YOU ARE EXPLORING
Advanced Neuroimaging Fellowship
The Department of Radiology and Imaging Sciences at Indiana University School of Medicine offers a one-year, non-ACGME-accredited fellowship in advanced neuroimaging for fellows interested in pursuing a second year of neuroradiology fellowship training to prepare for a career in academics or to hone skills in advanced tumor, epilepsy or functional imaging. This fellowship has been approved by the IU School of Medicine Office of Graduate Medical Education.
As part of the Advanced Neuroimaging program, fellows spend a significant portion of their time working to master clinical applications of Dynamic Susceptibility Contrast (DSC) MR perfusion, Dynamic Contrast Enhanced (DCE) MR perfusion, Arterial Spin Labeling (ASL) MR perfusion, diffusion tensor imaging (DTI) and tractography, functional MRI, MR spectroscopy, and CT perfusion. Fellows also fulfill rotations in general neuroradiology, pediatric neuroimaging, and head and neck imaging.
Advanced Neuroimaging fellows are paired with a faculty mentor and perform a scientific research project with the expectation of at least one published research endeavor during the year of training. These projects are presented at the Campbell-Klatte Annual Oration and are also expected to be presented at a national society meeting. Advanced Neuroimaging fellows have forty academic days to accomplish these research requirements with the support of the Indiana University Department of Radiology and Imaging Sciences Office of Research Imaging (ORI).
Advanced Neuroimaging fellows are also responsible for presenting case conferences and journal club discussions throughout the year, and work closely with residents from the IU School of Medicine Diagnostic Radiology Residency program with the expectation that fellows solidify their knowledge and future practice habits in this area of medicine by adequately preparing and teaching subjects in neuroimaging.
Facilities and Equipment
Fellows in the Advanced Neuroimaging Fellowship program train at the following sites in Indianapolis:
- Neuroscience Center: Connected to IU Health Methodist Hospital, the central neuroradiology reading room for the IU Health system serves more than five major Indiana hospitals and several imaging centers. Methodist Hospital houses one of two level 1 trauma centers in Indiana as well as a Comprehensive Stroke Center and the largest neuroscience critical care unit in the United States. While at this site, Advanced Neuroimaging fellows help to manage a busy neuroradiology service along with faculty, while making critical advanced imaging decisions under guidance of Indiana University School of Medicine’s neuroradiology faculty. Fellows serve the needs of several service lines, managing oncology, seizure and neurodegenerative patients at the Neuroscience Center and at IU Health University Hospital through multidisciplinary collaboration and tumor boards. Fellows are also given opportunities to maintain their abilities in general neuroradiology and head and neck imaging in this premier reading location.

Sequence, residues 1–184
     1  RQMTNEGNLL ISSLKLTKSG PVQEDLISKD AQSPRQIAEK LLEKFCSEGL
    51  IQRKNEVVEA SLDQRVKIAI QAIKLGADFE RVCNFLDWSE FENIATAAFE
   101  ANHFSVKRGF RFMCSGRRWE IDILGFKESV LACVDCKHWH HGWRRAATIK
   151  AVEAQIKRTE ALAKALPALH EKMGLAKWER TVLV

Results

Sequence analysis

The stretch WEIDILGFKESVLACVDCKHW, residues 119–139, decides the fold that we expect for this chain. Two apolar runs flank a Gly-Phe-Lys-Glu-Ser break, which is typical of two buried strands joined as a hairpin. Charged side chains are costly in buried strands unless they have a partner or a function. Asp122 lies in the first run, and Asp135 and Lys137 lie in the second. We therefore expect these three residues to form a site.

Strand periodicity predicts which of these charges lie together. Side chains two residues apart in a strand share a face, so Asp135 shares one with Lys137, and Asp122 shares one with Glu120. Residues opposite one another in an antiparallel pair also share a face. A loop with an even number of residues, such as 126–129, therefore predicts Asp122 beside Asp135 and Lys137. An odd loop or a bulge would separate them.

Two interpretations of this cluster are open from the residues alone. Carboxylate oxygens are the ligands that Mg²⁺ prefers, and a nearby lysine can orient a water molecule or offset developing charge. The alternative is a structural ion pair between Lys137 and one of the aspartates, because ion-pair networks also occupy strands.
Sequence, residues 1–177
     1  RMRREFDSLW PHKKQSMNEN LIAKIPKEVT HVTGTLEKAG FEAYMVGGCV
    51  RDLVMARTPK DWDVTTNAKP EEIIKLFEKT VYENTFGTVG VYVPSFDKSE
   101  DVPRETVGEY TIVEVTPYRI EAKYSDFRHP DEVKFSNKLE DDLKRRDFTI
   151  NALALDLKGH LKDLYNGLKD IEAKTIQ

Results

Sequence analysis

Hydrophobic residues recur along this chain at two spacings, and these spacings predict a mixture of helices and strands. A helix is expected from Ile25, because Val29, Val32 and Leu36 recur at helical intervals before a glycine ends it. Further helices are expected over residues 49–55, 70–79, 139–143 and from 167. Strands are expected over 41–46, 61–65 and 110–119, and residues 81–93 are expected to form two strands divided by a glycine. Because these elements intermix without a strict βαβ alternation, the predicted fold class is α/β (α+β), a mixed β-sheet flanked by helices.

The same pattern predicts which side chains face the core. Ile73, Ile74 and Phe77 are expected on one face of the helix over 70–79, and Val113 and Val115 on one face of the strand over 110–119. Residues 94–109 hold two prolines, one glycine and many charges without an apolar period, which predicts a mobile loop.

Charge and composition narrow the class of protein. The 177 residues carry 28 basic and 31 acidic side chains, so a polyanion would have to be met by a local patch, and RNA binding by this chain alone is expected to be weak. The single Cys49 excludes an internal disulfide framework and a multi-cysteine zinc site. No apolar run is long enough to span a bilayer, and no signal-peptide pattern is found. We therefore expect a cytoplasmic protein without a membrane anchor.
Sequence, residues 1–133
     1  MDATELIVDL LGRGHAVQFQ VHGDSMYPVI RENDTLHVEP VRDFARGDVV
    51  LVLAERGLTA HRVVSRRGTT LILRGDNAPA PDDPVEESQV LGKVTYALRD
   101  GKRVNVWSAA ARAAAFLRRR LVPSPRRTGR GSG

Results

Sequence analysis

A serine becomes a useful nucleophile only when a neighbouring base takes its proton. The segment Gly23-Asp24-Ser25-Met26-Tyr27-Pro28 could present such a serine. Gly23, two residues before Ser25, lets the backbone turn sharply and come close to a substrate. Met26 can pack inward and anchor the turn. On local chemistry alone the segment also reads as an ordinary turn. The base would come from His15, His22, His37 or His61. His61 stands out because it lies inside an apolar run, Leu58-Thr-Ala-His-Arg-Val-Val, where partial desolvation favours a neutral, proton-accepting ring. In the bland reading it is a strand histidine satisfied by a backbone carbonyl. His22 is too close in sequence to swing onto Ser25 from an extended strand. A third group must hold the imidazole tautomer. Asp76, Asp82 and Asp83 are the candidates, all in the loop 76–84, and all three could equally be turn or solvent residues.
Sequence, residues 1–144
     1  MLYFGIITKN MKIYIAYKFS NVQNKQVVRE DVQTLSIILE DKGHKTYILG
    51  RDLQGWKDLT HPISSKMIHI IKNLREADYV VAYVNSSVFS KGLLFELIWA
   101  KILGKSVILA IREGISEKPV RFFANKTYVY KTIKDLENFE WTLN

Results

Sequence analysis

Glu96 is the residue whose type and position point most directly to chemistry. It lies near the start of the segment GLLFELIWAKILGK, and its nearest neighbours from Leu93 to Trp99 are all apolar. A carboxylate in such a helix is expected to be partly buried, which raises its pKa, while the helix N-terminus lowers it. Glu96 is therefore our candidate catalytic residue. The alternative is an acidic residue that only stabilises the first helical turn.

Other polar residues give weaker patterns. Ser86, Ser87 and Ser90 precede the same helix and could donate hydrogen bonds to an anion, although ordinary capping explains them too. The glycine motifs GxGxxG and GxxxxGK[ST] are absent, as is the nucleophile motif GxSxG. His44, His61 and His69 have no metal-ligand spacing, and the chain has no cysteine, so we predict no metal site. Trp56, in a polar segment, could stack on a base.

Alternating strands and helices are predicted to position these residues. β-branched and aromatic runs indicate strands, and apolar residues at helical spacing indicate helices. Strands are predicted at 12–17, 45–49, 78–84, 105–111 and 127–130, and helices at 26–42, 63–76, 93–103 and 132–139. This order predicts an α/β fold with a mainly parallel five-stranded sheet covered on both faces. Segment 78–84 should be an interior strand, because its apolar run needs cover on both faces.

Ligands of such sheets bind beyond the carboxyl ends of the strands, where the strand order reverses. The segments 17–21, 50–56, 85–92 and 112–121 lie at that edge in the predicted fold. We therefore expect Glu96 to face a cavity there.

- Riley Hospital for Children: Fellows rotating at this prestigious pediatric tertiary care center train with accomplished pediatric neuroradiologists and interact with other clinicians to experience pediatric CNS tumor imaging, genetic and metabolic disorders affecting the CNS, and the range of CNS pathology affecting the pediatric population.
Advanced Neuroimaging Fellows participate in four-week rotations to bolster experience in a variety of advanced-neuroimaging techniques, including Dynamic Susceptibility Contrast (DSC) MR perfusion, Dynamic Contrast Enhanced (DCE) MR perfusion, Arterial Spin Labeling (ASL) MR perfusion, diffusion tensor imaging (DTI) and tractography, functional MRI, MR spectroscopy, and CT perfusion. The majority of time is spent at the Goodman Hall/Neuroscience Center Reading Room, reading side-by-side with up to six faculty during the daytime reading hours. Additional rotations during this fellowship year include pediatric neuroimaging at Riley Hospital, where fellows focus on pediatric advanced imaging experience and head and neck imaging. Elective months provide a flexible experience for greater focus on a desired area of specialization.
Call for this fellowship program consists of one-week blocks with at-home pager call on weeknights and nine-hour daytime shifts of cross-sectional work on weekends. Fellows take no more than Q4 week call, even if the total neuroradiology fellow complement is less than four—less call if the fellow complement is above four. It is the opinion of the program director and faculty that increasing call responsibilities beyond Q4 leads to a detriment in education. Fellows are occasionally called for emergency procedures.